How the number of justifiable police homicides has changed since the 1990s

August 15

It's not easy to figure out how many people have been killed by the police in the United States. The FBI compiles a wealth of information on crime and law enforcement each year as part of its Uniform Crime Reports system. But it only collects two points of data on people killed by law enforcement: The number of people killed by police in justifiable action, and the weapon used in the homicides. (Unjustified homicides are counted, too, of course: as crimes.)

What's more, as USA Today notes in its look at the data on Friday, only 750 of the nation's 17,000-plus law enforcement agencies contribute data to the FBI's justifiable homicide database. That's a huge caveat, particularly given that we can't ascertain how representative the pool of agencies might be. (We reached out the FBI for more information and didn't hear back.)

Regardless, we can learn somethings from the data, when we consider the trends on display and when contrasted with other data.

Here's the annual data on justifiable homicides from 1991 to 2012, the last year for which full data is available. Most of the homicides are committed with handguns -- understandably given that this is the most common firearm issued to officers.

AllHomicides

But, particularly given the ongoing debate over the militarization of local police forces as a result of what happened in Fegurson, Missouri this week, there's an interesting trend that isn't immediately obvious in the graph above. If you look at the type of weapon used as a percentage of all of the killings, a few trends emerge. Shotguns are less frequently used in justifiable homicides, and rifle use has increased dramatically. So has the category of "firearms, type not stated."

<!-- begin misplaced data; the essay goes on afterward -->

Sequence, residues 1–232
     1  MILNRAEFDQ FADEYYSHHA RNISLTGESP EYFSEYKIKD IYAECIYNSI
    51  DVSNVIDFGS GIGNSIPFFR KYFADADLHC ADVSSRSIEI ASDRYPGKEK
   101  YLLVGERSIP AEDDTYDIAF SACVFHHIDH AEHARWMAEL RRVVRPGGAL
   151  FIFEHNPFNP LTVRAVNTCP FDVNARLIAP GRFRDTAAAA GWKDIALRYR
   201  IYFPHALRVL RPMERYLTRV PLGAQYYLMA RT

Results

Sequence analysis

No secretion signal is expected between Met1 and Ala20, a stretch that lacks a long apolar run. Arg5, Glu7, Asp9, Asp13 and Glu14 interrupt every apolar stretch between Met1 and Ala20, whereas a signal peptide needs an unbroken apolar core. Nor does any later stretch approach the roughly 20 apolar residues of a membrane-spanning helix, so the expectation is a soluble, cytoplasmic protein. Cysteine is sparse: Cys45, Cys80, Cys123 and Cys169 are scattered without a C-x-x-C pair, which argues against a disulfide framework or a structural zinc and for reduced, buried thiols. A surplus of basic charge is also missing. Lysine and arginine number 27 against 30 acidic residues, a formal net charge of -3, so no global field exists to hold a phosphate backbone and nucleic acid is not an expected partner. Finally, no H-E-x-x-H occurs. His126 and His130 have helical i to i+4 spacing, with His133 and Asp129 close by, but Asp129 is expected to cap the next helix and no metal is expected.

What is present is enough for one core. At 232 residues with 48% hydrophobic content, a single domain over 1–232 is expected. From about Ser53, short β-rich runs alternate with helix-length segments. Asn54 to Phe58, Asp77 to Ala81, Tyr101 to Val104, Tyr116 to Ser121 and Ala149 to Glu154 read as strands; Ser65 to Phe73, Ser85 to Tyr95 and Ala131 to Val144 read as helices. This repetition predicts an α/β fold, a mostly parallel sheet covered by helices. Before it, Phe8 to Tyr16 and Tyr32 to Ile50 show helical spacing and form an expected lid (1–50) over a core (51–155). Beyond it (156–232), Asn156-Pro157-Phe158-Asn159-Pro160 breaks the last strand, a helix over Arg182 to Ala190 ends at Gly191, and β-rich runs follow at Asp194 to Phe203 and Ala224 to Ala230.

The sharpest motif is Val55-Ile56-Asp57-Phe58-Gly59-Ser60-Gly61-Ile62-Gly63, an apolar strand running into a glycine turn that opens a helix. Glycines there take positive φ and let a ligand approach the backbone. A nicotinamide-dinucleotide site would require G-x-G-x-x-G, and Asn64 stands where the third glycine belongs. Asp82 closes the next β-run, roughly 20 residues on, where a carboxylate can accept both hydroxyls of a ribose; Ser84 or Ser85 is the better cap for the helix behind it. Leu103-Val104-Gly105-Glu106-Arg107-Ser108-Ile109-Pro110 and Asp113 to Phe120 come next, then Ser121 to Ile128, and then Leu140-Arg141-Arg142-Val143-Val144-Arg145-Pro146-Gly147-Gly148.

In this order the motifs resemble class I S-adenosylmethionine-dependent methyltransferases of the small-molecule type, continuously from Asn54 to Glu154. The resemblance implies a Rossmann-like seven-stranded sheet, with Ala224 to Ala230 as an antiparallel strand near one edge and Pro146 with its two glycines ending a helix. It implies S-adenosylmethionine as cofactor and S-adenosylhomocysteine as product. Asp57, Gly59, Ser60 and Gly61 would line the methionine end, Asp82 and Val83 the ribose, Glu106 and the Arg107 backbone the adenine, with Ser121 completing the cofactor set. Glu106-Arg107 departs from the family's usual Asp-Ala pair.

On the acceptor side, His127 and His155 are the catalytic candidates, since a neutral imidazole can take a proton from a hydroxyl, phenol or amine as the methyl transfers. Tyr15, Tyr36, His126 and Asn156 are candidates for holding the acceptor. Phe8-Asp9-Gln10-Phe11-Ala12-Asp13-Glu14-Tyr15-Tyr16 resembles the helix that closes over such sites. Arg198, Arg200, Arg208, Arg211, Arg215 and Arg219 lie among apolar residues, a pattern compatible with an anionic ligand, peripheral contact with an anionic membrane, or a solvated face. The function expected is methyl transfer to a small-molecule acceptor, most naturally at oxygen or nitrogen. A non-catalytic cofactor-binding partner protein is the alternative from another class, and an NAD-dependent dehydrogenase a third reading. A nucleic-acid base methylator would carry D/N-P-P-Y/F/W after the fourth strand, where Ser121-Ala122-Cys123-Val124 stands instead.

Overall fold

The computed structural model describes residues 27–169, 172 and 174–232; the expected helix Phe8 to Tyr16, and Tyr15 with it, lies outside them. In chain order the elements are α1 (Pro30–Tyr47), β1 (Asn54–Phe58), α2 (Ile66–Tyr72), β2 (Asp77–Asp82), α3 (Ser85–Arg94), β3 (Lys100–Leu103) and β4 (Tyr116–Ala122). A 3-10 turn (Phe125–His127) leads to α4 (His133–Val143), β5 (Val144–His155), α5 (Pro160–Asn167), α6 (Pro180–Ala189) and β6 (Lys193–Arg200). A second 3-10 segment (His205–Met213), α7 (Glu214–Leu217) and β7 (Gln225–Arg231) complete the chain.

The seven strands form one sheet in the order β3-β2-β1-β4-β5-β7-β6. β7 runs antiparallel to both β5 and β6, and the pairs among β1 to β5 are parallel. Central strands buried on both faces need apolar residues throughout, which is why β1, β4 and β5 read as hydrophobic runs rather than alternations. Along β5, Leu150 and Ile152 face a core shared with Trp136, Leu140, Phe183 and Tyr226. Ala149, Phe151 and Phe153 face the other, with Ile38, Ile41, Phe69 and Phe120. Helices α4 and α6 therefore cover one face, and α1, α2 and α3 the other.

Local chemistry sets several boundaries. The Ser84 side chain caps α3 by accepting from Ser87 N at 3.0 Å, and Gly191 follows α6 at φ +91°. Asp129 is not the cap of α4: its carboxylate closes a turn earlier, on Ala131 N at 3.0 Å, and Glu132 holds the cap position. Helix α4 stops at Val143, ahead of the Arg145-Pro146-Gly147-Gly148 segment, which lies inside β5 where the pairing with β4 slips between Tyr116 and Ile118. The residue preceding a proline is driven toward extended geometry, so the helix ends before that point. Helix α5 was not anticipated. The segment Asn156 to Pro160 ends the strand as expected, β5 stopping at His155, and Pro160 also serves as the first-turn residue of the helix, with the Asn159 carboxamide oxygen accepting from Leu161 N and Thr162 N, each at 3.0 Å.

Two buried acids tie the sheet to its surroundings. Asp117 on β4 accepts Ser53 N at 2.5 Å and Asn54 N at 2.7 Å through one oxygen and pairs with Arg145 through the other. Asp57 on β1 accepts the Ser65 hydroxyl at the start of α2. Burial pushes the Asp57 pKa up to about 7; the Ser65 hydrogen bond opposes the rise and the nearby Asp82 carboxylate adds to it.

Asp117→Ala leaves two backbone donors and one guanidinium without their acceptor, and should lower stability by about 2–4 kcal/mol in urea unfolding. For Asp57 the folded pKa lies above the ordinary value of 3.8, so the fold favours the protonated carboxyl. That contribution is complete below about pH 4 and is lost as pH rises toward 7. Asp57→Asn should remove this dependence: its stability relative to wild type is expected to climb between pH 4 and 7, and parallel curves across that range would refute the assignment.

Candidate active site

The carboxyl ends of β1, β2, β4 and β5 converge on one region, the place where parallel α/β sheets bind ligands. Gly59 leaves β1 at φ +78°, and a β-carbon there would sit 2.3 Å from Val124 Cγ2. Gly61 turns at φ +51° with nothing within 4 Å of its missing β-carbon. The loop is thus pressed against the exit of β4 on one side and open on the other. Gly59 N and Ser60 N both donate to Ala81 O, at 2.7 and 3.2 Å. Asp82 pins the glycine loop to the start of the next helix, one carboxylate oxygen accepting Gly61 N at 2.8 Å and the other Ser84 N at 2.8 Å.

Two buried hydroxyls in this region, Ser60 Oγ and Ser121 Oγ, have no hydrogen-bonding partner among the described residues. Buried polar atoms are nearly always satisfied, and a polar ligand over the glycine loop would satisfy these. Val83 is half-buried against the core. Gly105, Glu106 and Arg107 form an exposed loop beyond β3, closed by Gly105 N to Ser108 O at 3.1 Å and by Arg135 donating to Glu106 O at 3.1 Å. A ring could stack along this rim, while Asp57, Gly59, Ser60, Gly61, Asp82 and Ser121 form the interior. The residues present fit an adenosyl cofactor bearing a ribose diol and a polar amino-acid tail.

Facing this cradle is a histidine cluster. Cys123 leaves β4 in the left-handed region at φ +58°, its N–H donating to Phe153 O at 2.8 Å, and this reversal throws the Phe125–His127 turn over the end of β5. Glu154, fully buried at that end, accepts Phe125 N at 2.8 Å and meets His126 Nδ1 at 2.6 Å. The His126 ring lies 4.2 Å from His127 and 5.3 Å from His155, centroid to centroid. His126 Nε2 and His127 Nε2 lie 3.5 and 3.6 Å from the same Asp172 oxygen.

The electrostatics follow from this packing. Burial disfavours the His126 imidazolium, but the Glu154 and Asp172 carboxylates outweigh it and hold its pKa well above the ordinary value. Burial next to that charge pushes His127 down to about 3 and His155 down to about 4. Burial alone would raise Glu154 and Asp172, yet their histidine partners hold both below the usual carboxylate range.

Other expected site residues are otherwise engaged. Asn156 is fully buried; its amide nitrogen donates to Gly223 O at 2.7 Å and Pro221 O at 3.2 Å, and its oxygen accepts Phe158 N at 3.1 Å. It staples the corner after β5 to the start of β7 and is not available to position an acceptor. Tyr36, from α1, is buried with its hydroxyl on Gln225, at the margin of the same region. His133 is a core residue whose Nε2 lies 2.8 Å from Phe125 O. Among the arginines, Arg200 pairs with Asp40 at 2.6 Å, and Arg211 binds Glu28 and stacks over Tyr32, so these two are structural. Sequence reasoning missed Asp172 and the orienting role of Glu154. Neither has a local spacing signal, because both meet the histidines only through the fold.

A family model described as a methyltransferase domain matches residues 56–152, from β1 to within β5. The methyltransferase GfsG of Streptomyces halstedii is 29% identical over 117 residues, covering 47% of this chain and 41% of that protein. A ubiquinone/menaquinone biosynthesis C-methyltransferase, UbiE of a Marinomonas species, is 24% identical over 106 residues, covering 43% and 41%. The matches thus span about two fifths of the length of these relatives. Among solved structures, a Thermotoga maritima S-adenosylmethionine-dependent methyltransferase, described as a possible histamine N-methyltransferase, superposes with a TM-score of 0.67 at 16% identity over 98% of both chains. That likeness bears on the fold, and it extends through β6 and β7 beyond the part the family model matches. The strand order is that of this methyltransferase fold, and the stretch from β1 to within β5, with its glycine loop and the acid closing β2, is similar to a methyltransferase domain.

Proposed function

You'll notice in the first chart that justifiable homicides by police officers spiked in the early 1990s, settling down as crime rates dropped in the late 1990s, and then slightly increasing again.

If you compare the number of justifiable killings to the violent crime rate in the United States, there's an interesting result. As the number of violent crimes has steadily dropped, the ratio of justified homicides to violent crimes has increased. In 1991 there were 1.92 justified homicides for every 10,000 violent crimes. By 2001, it was 2.63. By 2011, it was 3.35.

Of course, the number of police officers has also increased. (The data below excludes civilian police employees.) Since the early 1990s, the number of police officers in the United States increased substantially, up nearly 15 percent between 1995 and 2005. (1995 is the first year for which data was available from the FBI.)

It's natural to assume that this would in itself lead to more justifiable homicides -- more armed police on the streets. Regardless, there's been a slight upward trend in the number of justifiable homicides as a function of the number of police. But given the volatility of the data, it's hard to draw too strong a conclusion from this.

One point of data that the FBI collects thoroughly is the number of law enforcement officers killed in the line of duty. It evaluates those deaths on 47 different metrics, providing a very good overview of these crimes. The good news here is that the number of police killed in the line of duty has generally fallen over the past twenty years.

The FBI data is only through 2012, but as the Post's Radley Balko noted when he was still at Huffington Post, 2013 was likely one of the safest years for law enforcement in decades.

Again, it's hard to evaluate the data at hand with much certainty given how poorly gathered the data on justified police killings is. This is certainly not an accident; law enforcement agencies have an obvious rationale for holding those data as close to their chests as possible. What we can tell is this. Among the agencies reporting to the FBI, they are more frequently using rifles in justifiable homicide incidents, and that, as a function of the national violent crime rate (and possibly the number of police), those killings are up, while their jobs, happily, are getting safer.

Philip Bump writes about politics for The Fix. He is based in New York City.
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